2:00PM Water Cooler 5/21/2021

By Lambert Strether of Corrente.

Readers, I got a late start again. I will add more shortly. –lambert

Bird Song of the Day

The Changeable Hawk-Eagle. (I confess I’ve been choosing these eagles because of their names, but their songs have been really various.)

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At reader request, I’ve added this daily chart from 91-DIVOC. The data is the Johns Hopkins CSSE data. Here is the site.

I feel I’m engaging in a macabre form of tape-watching. All the charts are becoming dull — approaching nominal, if you accept the “new normal” of cases, for example.

Vaccination by region:

Still upward movement.

“Pentagon push has more US servicemembers getting vaccinated” [FOX News]. “Now 71% of troops surveyed say they have gotten the vaccine or plan to do so. Only 39% of active-duty spouses say they plan to get vaccinated – which could be a problem as hundreds of thousands of troops and their families plan to move to new bases this summer. If the 600,000 troops and their families don’t get vaccinated before their summer moves, they could be a vector to spread the disease as happened during the 1918 Pandemic. The virus traveled with military personnel from camp to camp and across the Atlantic, and at the height of the American military involvement in the war, September through November 1918, influenza and pneumonia sickened 20% to 40% of U.S. Army and Navy personnel…. ‘One of the big issues that people have right now in the military and the veteran community is there’s a general lack of trust any time the government’s involved,’ [Nick Palmisciano, a former Army combat infantry officer who started the clothing company Ranger Up] told Fox News. ‘Whether you’re talking about the anthrax vaccine back in the day that caused problems or burn pits or all these things that kind of the military is used as a guinea pig.'” • Then again–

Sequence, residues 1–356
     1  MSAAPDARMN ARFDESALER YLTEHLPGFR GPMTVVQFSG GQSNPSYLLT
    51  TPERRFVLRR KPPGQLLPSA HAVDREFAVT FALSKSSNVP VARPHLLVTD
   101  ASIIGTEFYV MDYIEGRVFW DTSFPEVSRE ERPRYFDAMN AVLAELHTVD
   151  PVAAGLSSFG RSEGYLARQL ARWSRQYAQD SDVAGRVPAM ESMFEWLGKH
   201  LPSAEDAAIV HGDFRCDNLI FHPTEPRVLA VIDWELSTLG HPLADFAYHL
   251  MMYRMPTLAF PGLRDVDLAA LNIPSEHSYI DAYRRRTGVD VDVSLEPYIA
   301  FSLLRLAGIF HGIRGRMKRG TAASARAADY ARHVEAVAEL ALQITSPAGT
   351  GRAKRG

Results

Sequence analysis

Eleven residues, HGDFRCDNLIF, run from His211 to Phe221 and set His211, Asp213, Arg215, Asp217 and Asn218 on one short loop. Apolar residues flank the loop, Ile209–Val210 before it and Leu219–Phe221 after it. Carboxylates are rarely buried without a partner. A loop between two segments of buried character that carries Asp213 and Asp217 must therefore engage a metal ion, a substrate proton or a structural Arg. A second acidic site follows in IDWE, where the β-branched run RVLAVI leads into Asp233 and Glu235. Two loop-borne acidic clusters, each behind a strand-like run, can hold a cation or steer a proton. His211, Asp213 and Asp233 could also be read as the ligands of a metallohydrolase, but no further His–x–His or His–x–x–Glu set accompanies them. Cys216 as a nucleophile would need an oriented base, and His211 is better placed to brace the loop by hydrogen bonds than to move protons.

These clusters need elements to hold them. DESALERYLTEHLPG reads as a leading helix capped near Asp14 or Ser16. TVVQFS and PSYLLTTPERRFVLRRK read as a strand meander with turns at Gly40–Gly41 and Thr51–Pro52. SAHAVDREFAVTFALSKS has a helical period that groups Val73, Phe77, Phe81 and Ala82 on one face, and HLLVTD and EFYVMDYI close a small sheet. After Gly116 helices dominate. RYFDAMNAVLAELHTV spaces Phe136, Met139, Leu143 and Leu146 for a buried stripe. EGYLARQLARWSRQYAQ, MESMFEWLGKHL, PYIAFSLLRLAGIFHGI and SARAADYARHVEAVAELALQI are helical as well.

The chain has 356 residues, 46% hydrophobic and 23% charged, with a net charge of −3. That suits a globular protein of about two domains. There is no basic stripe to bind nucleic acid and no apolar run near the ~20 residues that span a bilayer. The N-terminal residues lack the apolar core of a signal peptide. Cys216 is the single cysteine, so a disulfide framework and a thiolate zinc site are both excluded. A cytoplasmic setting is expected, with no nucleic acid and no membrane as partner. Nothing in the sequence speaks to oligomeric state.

“With Half Its Troops Unvaccinated, Pentagon Aims to Persuade Skeptics” [Defense One]. “As roughly half of the active-duty force remains unvaccinated against COVID-19, the Defense Department is pushing harder for troops to accept the effectiveness of the vaccine…. Deputy Defense Secretary Kathleen Hicks and Joint Chiefs of Staff Vice Chairman Gen. John Hyten released a memo Thursday on how to ‘enable and encourage vaccination.’ The memo is a break from DOD’s past messaging, which called getting the vaccine a personal health choice. The new memo says ‘widespread vaccination’ within DOD is a ‘critical part’ of the ‘nation’s fight against COVID-19.'” • The picture I have of what happens when you join the military is that you get your shots. It’s an order. Has the DoD considered following that precedent? Meanwhile, from Stars and Stripes, is the Pentagon’s messaging:

Nothing like trashing the non-pharmaceutical interventions we’ll need tomorrow for the sake of a temporary advantage today.

“The 10 states that have vaccinated less than half their population now have higher COVID-19 cases” [The Hill]. “Ten states have less than half their adult residents vaccinated, and these states also have higher coronavirus cases. Alabama, Arkansas, Georgia, Idaho, Louisiana, Mississippi, South Carolina, Tennessee, West Virginia and Wyoming are averaging more than 78 new cases per 100,000 people… The Biden administration has set a goal for states to vaccinate at least 70 percent of their adults with at least one shot by July 4. Seven states have achieved this: Connecticut, Hawaii, Maine, Massachusetts, New Hampshire, New Jersey, and Vermont. The states, all of which are red except for Georgia, are also comprised of rural areas, which tend to see uneven vaccination rates. A Kaiser Family Foundation survey in April found that 3 in 10 rural residents said they would “definitely not” get vaccinated. The respondents said they would only get a vaccine if it were required. In an interview on Sunday on CNN’s State of the Union, Rochelle Walensky, the Director of the Centers for Disease Control and Prevention (CDC), said that unvaccinated people have to be ‘honest with themselves,’ saying those who are not vaccinated are not protecting themselves.” • Great messaging from Walensky, there. You’ll have to pry shaming from the liberal Democrats’ cold, dead hands. They just can’t help themselves.

UPDATE More great messaging:

Dating apps will certainly effectively target rural counties, as well as working class people who can’t afford to take a day off or get sick (who number in the millions).

UPDATE “Obama to join social media event on vaccines next week” [The Hill]. • Ditto. Do liberal Democrats know how to do anything other than preach to the choir?